Roanoke receives more than M from donors inspired by student success initiatives

Roanoke receives more than $4M from donors inspired by student success initiatives

The group testing corner of the new student success floor will be named Katie’s Corner after a very special person who inspired her family’s support of the project. 

Young woman with long dark hair poses for a photo in front of a body of water at sunset or sunrise.Katie Price (left) was the daughter of the Rev. Chris Price ’75 and Terry Price ’76, and the niece of Dr. Keith Price ’77 and Cindy Price. Katie did well in elementary school but began to struggle in high school. Although she hoped to be a radiology technician, she was unable to finish her education before her untimely death at 33. The Price family was moved to make financial contributions to the project in the hopes that students like Katie will find the help they need. 

“We are making this gift in memory of our elder daughter,” Chris Price said. “We look back and think she could have benefited from this kind of approach, so we’re excited to be able to broaden the sense of achievement and the successful completion of college for those that attend Roanoke. I mean, gosh, don’t you look back and wonder how many people were lost along the way because we didn’t understand all these different ways people need to learn?”  

Terry Price added that her daughter would have loved the idea of helping others. “If somebody was struggling and she could help, she certainly tried to do that, so I think she would identify with this. I wish we had figured out that she learned differently when she was much younger.” 

As a family practitioner, Chris Price’s brother, Keith, has seen the toll that anxiety, depression and other common mental health challenges can have on young people. He and his wife, Cynthia, have also helped fund the student success center.  

“I think it’s important to support anything that can help students succeed and get through the struggles that all of us have in our college years, when we are still figuring out our identity and our personal styles,” Keith Price said. “A little encouragement can go a long way.”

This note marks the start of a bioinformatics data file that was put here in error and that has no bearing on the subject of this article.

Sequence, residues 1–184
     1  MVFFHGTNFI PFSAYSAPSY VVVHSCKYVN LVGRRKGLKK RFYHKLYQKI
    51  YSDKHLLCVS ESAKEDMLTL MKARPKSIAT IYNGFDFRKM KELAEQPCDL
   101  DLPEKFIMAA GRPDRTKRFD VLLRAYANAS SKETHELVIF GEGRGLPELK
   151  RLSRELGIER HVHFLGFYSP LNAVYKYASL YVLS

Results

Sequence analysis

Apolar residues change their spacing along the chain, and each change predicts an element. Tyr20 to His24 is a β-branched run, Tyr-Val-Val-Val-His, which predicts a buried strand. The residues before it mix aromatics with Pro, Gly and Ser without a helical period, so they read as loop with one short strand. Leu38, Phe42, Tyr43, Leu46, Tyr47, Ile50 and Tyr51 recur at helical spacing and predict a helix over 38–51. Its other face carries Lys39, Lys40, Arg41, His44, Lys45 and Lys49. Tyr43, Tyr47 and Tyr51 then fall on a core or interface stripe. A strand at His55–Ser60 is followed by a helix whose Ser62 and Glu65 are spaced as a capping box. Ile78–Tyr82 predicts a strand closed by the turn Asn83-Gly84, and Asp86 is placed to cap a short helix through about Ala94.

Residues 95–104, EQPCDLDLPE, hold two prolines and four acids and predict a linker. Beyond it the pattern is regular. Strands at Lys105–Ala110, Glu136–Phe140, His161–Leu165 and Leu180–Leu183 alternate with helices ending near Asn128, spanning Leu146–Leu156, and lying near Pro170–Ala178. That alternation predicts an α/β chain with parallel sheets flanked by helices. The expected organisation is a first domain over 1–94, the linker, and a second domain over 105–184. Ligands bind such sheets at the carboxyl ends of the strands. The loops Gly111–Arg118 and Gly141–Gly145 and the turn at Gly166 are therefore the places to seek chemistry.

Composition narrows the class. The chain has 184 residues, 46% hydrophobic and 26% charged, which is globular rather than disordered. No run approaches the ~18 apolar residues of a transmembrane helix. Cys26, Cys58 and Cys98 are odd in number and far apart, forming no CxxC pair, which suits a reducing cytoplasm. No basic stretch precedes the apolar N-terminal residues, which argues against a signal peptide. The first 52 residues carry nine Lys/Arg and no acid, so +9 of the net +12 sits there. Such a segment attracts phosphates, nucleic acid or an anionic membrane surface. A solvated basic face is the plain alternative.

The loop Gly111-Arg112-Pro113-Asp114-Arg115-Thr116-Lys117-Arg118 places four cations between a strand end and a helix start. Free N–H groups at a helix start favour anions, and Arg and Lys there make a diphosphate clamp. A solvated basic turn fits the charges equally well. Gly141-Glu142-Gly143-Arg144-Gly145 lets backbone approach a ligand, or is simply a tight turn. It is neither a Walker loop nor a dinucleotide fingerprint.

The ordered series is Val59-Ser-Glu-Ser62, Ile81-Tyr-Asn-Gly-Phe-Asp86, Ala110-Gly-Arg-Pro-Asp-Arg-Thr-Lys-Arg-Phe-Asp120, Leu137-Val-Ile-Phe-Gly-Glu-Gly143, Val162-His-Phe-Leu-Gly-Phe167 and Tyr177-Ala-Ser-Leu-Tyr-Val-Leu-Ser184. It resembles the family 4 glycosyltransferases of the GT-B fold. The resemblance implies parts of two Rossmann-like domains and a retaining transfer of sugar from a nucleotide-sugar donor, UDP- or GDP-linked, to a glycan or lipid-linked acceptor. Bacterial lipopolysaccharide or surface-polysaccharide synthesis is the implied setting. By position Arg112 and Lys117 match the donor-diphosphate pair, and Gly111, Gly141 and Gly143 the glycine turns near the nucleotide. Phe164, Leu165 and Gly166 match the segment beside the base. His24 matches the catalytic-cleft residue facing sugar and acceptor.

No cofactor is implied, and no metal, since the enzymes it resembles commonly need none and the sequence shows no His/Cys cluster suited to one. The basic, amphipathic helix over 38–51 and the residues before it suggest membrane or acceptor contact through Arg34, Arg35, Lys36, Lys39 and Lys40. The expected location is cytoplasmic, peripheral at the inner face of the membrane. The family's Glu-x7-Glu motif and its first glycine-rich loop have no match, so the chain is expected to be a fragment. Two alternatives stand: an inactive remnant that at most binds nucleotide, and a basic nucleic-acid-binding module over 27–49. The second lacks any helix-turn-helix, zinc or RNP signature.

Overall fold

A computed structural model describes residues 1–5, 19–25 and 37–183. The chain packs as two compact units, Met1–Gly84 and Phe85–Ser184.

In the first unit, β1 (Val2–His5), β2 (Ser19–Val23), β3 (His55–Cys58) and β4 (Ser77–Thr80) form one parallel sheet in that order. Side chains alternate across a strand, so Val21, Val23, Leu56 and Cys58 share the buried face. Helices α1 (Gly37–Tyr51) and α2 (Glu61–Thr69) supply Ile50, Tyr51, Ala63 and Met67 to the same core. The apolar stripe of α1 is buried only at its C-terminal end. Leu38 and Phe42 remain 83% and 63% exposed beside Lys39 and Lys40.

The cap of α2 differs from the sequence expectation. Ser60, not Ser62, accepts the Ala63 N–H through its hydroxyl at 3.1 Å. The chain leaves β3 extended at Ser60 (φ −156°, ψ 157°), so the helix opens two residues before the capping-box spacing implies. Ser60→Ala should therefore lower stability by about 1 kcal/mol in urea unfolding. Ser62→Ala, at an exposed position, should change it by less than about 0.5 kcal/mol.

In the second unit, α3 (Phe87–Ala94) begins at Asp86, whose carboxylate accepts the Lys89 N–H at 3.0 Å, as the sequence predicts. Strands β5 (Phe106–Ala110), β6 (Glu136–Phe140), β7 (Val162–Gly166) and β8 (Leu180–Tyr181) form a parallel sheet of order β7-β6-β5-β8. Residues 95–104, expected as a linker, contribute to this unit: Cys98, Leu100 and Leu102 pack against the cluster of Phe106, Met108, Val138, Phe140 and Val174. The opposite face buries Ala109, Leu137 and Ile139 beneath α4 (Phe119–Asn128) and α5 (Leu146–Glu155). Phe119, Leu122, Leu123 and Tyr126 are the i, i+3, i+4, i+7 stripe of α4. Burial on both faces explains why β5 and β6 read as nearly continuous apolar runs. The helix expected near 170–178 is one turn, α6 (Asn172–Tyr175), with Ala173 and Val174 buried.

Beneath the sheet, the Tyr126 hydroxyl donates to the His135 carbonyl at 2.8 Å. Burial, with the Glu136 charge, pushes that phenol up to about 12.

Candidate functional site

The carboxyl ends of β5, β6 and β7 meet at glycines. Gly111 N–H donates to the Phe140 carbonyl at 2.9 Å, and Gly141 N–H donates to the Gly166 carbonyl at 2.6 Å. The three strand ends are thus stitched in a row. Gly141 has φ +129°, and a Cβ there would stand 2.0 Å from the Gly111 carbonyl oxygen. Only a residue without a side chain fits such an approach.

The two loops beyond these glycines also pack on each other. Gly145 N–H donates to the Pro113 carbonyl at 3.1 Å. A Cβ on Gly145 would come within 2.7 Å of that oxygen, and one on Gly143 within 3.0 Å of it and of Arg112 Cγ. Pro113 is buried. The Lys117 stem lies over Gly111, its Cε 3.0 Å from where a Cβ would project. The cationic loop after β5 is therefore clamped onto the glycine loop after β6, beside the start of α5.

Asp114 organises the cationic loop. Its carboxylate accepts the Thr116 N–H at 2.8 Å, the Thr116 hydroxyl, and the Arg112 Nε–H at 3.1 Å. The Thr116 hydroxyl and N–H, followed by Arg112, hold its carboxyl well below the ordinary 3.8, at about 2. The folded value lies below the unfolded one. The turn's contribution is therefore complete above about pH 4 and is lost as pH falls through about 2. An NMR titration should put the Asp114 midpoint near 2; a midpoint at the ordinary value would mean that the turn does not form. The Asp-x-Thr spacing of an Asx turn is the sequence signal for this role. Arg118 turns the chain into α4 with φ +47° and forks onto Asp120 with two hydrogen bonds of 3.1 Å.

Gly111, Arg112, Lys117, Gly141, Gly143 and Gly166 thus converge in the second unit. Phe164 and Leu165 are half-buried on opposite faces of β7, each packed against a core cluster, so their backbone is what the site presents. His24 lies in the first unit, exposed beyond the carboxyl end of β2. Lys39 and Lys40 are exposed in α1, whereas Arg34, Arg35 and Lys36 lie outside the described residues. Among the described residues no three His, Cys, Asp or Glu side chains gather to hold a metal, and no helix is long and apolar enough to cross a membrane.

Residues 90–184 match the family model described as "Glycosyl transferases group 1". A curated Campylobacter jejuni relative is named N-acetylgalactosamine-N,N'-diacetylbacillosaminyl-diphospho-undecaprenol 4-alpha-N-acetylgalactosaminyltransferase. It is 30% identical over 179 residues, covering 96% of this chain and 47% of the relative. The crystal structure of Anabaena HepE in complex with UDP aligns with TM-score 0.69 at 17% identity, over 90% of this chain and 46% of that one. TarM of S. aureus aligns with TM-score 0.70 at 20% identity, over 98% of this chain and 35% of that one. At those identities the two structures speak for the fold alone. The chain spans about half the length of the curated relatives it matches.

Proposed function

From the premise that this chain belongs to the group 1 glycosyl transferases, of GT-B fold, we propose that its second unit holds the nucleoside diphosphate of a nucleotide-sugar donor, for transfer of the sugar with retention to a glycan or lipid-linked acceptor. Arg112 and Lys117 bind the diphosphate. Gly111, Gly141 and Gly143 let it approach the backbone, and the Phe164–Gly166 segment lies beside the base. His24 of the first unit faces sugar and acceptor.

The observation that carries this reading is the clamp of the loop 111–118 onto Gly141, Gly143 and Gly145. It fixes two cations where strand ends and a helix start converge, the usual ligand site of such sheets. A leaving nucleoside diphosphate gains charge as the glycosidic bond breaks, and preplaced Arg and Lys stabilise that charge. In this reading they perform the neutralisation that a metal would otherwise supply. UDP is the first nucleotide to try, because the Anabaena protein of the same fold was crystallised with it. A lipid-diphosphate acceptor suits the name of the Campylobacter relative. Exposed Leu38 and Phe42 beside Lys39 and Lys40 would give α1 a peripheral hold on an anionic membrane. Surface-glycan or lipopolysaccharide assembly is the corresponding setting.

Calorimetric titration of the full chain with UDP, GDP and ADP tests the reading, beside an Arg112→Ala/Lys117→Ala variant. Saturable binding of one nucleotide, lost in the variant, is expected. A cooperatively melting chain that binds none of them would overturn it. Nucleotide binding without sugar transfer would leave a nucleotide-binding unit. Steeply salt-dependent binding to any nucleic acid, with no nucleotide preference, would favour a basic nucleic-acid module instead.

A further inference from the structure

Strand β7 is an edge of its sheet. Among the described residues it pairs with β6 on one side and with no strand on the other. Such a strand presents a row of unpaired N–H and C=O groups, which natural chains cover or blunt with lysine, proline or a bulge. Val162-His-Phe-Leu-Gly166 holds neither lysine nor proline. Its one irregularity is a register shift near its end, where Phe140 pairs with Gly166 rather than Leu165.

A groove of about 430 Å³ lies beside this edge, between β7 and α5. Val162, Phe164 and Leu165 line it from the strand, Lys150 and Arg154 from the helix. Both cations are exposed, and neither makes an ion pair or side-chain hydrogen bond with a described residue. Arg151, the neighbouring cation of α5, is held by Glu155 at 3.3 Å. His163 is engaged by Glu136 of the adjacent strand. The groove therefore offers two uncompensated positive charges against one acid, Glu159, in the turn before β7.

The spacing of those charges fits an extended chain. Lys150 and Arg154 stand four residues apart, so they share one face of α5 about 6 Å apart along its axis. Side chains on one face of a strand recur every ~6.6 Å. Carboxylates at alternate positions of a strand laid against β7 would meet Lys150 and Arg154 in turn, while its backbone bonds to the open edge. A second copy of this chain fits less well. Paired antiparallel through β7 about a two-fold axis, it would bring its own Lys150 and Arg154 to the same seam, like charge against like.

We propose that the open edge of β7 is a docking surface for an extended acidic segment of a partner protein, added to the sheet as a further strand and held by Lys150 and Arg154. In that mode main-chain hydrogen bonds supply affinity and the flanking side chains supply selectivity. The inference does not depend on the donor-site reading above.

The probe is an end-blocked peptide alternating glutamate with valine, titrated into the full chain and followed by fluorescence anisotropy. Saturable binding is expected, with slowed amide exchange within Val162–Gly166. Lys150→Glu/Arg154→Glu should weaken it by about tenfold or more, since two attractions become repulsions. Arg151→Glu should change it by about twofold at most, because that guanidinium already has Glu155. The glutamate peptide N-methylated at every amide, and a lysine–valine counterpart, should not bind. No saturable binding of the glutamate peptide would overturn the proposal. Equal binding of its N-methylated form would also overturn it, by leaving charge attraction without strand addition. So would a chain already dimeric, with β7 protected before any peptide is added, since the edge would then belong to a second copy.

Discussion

He also hopes the student success center will ward off feelings of loneliness or isolation in students. “It would be a neat thing if this could connect students who are having similar struggles because sometimes you feel like you’re the only person who’s having this problem, so the ability to build community is really important.” 

Entrance to the Goode-Pasfield Center for Learning & Teaching, with yellow walls and posters in the window advertising subject tutoring, academic coaching, writing help and more.

Thanks to the Goode, Pasfield and Price families, the Goode-Pasfield Center for Learning & Teaching inside Roanoke College’s Fintel Library will be moved to the ground floor, expanded and renamed the Goode-Pasfield Center for Student Success, where students will be able to find helpful resources.

Building community is also the idea behind The Roanoke Promise, a new living learning community at Roanoke that will serve first-year, first-generation students. Two generous donors who wish to remain anonymous have funded this new community, which will allow interested first-generation students to live together on a single floor in Shenandoah Hall. There, they will face the unknown together in a supportive environment and be exposed to collaborative learning experiences and resources to help them navigate the path to belonging.  

“We recognize that Roanoke is increasing its first-generation student enrollment, and these are the students who are more likely to have needs than others,” one of those donors said, “so we chose to cover this additional area.” 

Those donors have a soft spot for good students who face unexpected hurdles to graduation. Over the years, they have supported student emergency funds at multiple colleges because they hate the thought of an otherwise diligent student dropping out or falling far behind because they need temporary financial assistance. 

“There is a large population of students who are capable and doing extremely well, but some of them get boxed into a financial corner from time to time,” the donor said. “It’s a week’s worth of groceries or a fee – it often does not take very much to plug the hole.”  

These caring individuals made a significant donation to the Maroon Emergency Fund, which provides temporary monetary assistance to students experiencing financial hardship resulting from an emergency, accident or other unexpected scenario.  

“It’s a very modest investment in the whole scope of the college, but it seems to pay off really big for people who are in an extreme circumstance,” the donor said. “Our satisfaction comes from seeing these young people succeed who might not have been able to succeed without a little help.” 

Other than the Price brothers, none of the benevolent donors who have contributed to these initiatives at Roanoke are acquainted, so they did not conspire to make related gifts. What they do share is a fondness for Roanoke College and a strong commitment to making a quality education possible for as many current and future students as possible. 

“We are so grateful to these alumni and friends for their inspiring acts of generosity,” said interim vice president for advancement Mary Grace Theodore. “Their support will have a beautiful ripple effect, making it possible for students to excel at Roanoke, discover their purpose, and one day pay it forward with their own impact on the world.”

Interested in making a gift for student success at Roanoke? Visit

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